WILLIAM TRETHOWAN ROWE
President of the Nottingham Medico-
William Trethowan Rowe M.C. :-
Medical Directory 1919
William Trethowan Rowe was born on 30th December 1874 at Constantine, Cornwall, and was educated at Chelmsford Grammar School and St. Bartholomew’s Hospital, qualifying with the Conjoint Diploma in 1897. He graduated M.B., B.S. in 1901, and a year later proceeded M.D. and was awarded the gold medal. After two years resident appointments in his teaching hospital and at the West London Hospital he volunteered for service in the Boer War and sailed for South Africa in 1899 as a civil surgeon to the Imperial Forces. He was present at the relief of Mafeking in 1900. He returned to England in 1902, having been awarded the Queen’s Medal for South Africa with four clasps. He then set up in general practice in Nottingham. In 1906 he was elected to the honorary consulting staff of the Nottingham General Hospital, where he remained until his retirement as senior physician in 1946.
In 1905 he joined the South Nottinghamshire Hussars as a surgeon lieutenant. During the first world war he served with the rank of major, first at Gallipoli -
In an obituary to Dr. Rowe by Patrick Henry O’Donovan it was said of him:-
He was a well known figure, being driven in a smart, always open, two-
B.M.J., 6th January, 1968, page 60
The war service of Dr. W.T. Rowe M.D., M.R.C.P.
Gazetted Surgeon Lieutenant to the South Nott’s Hussars, 1905. Called up in August, 1914: went east in April, 1915 and to Gallipoli in August, 1915, as Medical Officer to the South Nott’s Hussars, the Sherwood Rangers, and the Derbyshire Yeomanry. Had a warm and very busy time at Suvla Bay, attending to wounded among burning scrub and under heavy fire. was mentioned in dispatches and awarded the Military Cross. Invalided in September, 1915, with paratyphoid. After that home duties, then to a base hospital in France, and finally in February, 1917, officer in charge of a medical division.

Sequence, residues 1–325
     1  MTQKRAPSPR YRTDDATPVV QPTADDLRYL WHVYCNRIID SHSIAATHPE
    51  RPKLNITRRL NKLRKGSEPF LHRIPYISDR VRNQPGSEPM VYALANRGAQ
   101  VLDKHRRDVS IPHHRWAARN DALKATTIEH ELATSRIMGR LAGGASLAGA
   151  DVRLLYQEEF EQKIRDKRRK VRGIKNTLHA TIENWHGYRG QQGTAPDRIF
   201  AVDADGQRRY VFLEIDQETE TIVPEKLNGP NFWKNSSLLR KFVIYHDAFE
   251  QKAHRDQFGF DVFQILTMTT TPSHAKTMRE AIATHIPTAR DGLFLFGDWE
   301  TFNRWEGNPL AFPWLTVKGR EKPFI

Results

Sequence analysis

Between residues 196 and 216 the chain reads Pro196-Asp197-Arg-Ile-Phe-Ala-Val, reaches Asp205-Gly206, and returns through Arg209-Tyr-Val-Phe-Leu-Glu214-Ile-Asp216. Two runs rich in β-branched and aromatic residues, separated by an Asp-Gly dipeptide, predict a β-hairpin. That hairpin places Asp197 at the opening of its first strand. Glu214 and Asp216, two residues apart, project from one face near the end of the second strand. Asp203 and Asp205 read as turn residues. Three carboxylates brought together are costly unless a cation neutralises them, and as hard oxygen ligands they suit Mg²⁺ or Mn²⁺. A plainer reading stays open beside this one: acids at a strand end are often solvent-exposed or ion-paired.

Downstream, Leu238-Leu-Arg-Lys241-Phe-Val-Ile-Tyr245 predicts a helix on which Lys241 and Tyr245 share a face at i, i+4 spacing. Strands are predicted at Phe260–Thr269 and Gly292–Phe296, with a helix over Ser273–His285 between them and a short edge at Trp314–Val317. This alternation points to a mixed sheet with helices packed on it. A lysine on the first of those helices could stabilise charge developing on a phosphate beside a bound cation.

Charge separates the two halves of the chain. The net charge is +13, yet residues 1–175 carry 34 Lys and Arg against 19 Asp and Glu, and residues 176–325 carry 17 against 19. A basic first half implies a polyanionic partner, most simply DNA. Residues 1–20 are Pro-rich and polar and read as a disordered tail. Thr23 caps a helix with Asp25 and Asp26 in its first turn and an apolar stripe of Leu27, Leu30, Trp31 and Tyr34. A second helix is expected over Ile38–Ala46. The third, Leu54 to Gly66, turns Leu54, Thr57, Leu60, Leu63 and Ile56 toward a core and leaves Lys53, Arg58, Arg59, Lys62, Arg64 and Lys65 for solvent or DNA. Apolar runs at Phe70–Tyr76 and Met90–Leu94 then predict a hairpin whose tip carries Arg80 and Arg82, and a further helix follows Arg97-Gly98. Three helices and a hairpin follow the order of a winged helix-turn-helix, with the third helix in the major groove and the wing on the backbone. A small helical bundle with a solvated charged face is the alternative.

Demobilized November, 1918, with the rank of Lieutenant-
Battle of Scimitar Hill. August 21st, 1915.
To make matter worse the scrub caught fire. The Medical Officer of the South Nott’s Hussars, Captain Rowe, remained out in the open helping to rescue the wounded, under heavy shell fire. Captain Rowe’s gallant conduct saved many lives.
October 2nd, 1915.
Captain Rowe, the regimental Medical Officer, was about this time sent to Hospital, much to everyone’s regret, as his cheery words on sick parade did much to keep men going -
Despite the devoted efforts of Captain Rowe, the regiment gradually decreased in number from disease and from casualties in the firing line. But the men of the South Nott’s Hussars stuck it, one and all, and many remained on duty when they were almost too weak to walk, and only left for hospital under compulsion.
On November 3rd they were evacuated. The last march of this remnant of a Regiment, although it was but a two mile walk from the trenches to the beach, was a great effort to many, so weak was their condition, caused by dysentry and want of sleep.
(Extracts from the Historical Records of the South Nottinghamshire Hussars Yeomanry, 1794-
From A History of the General Hospital Near Nottingham,
By Frank H. Jacob. Pages 249, 250.